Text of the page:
Accommodation is in dormitories, so earplugs are recommended if snorers keep you awake. Food will be good with ample carbohydrate content – think pasta, rice, potatoes etc, but don’t expect a la carte, food often has to be flown in by helicopter! Given we are all carrying our own kit we don’t want to be weighed down by tents and cooking equipment, and as the refuges have beds and washing facilities they are considered the sensible and more comfortable option on these routes.
You don't need porters! This summer trek is a hut supported trek. Where we will get breakfast, packed lunch and dinner at each hut. Therefore there is no need for tents, fuel stoves etc.
A rucksack of around 40-60L should do you just fine. Aim not to carry any more than 10kg. You will be able to leave some kit with the minibus for when you get back off the mountains. If you are borrowing or buying a rucksack, ask someone to help you adjust it to fit your back. And ensure you are making these adjustments with weight inside it, not empty. Generally it should sit reasonably high on your back so that the weight is acting vertically downwards, not forcing your shoulders back or drooping past your backside. Again, it’s about how you feel comfortable wearing it and important to get right.
Make sure too that it is either waterproof or you have a waterproof cover for your rucksack. It’s not a bad idea to pack your gear into waterproof stuffs sacs, or even bin bags, in case of a deluge.
No, this is a trek, so standard walking gear outlined in the kit list should suffice.
The refuges all provide blankets so you can just take a sleeping bag liner with you which will save you some weight.
Some of our leaders prefer to take a one or two season sleeping bag, if you would prefer your own sleeping bag we definitely recommend looking for something lightweight – you will be carrying it!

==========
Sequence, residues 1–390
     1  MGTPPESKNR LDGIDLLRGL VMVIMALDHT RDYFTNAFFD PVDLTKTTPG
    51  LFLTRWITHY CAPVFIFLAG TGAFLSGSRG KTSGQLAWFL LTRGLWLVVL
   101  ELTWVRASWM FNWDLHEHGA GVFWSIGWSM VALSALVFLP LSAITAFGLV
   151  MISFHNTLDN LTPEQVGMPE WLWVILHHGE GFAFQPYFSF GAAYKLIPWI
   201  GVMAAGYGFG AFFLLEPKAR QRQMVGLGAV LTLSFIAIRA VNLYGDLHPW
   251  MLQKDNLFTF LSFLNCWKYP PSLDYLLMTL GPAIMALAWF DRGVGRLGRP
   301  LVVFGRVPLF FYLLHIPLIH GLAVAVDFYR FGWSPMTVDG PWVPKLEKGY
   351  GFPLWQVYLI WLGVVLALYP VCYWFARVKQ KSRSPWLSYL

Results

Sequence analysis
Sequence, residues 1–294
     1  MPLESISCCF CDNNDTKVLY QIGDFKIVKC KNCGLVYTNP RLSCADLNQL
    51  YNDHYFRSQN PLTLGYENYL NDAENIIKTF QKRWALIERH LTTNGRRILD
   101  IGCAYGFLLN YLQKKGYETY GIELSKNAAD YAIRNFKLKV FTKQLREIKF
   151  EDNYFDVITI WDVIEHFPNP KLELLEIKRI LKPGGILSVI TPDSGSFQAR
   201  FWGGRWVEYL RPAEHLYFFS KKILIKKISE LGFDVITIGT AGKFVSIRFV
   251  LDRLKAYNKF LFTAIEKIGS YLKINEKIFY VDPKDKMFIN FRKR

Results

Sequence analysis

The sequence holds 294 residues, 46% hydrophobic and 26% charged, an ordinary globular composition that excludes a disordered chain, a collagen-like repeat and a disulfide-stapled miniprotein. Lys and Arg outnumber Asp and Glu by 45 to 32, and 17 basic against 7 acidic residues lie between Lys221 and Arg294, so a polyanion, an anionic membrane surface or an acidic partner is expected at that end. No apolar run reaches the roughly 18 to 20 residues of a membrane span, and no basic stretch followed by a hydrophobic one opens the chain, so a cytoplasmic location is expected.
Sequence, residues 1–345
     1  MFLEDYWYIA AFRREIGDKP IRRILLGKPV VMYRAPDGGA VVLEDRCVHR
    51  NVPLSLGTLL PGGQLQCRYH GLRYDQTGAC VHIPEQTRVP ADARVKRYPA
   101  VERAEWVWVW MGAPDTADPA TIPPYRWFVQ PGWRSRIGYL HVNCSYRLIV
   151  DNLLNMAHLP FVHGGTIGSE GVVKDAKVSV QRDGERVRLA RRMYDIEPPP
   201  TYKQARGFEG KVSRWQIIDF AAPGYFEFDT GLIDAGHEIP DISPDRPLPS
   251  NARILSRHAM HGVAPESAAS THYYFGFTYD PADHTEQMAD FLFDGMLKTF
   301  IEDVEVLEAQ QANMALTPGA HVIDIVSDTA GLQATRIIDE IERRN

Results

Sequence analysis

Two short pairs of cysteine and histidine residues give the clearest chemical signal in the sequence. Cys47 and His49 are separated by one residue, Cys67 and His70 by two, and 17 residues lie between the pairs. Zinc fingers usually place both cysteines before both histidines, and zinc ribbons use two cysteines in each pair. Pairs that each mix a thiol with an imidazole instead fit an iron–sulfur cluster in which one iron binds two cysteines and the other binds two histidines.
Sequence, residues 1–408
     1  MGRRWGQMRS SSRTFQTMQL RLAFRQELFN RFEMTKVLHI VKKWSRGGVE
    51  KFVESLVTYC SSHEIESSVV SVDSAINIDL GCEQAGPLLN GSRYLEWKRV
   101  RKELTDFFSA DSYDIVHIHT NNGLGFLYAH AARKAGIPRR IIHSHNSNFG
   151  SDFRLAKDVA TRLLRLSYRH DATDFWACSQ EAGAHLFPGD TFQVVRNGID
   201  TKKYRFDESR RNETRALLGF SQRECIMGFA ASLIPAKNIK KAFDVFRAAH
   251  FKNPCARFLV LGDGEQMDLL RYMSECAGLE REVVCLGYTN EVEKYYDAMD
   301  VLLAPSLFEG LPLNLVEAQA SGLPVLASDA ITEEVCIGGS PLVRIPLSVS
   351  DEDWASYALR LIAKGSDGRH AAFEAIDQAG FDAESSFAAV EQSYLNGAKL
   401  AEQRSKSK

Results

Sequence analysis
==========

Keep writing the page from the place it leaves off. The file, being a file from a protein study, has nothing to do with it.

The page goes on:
Summer in the Pyrenees can be busy within striking distance of the main car parks and operational chairlifts as they attract the local walkers, bikers and day trippers. But once you are a few hours away from these it will feel like you have the whole mountain range to yourself, with occasional people sharing the same path as you. It is a huge area, and most of the time you’ll see more wildlife than people. In the evenings the huts can get busy as people tend to centre on them having come from all directions, but the next morning all those people will disappear once more.
Although we’re not at altitude, or in somewhere like the Himalayas, don’t underestimate this trek. The days are relatively long with reasonable altitude gains (and losses) each day. If you make an effort with fitness before coming out you’ll enjoy it far more than if you are struggling up every hill each day barely able to notice the spectacular views.
Of course! But they aren't heated...
It’s likely to be lovely and sunny, and reasonably warm (pretty hot lower down). However, we’re in the mountains, and not very far from the Atlantic, so there is every risk of rain, thunderstorms, and wind. Night time temperatures high up will be decidedly chilly.
The climate of the Pyrenees is generally better than the UK, but there is still the risk of inclement weather, so we advise in the kit list to pack accordingly (see above). And just like any other holiday, having a quick last minute look at the forecast before you come out can be a useful pointer of what’s in store.
We haven’t included flights as this gives you options from the UK. There are many flights that come to Toulouse daily from many different airports.
We will be at the airport at 11.30 am on day one of the itinerary. On the day you leave, we will be dropping the team off at Toulouse airport for 2.30 pm. (These times are approximate and are TBC.)
Please, therefore, find flights that work for these timings.
If there are any issues with this please let us know and we will also try and help however it might mean in getting a hire car/train or taxi to your start/finish point.
Bagneres de Luchon is 1h 40 mins drive away.
You must carry individual travel insurance to take part in the expedition. We cannot take you on the mountain without proof of insurance.
It is your responsibility to ensure that you have the appropriate insurance for your intended trip. To include medical evacuation and coverage up to the maximum altitude of this trip.
Your insurance details are requested on the booking form, however this can be arranged at a later date.We will be requesting your insurance details 8 weeks before your departure.
On and off, don’t rely on it but there could be exposed points where you get a signal, notable higher up. In valleys you’ll be hard pushed to get a signal unless they are populated. For selfies...yes.
Yes, all our trips are for people of 18 years of age and older.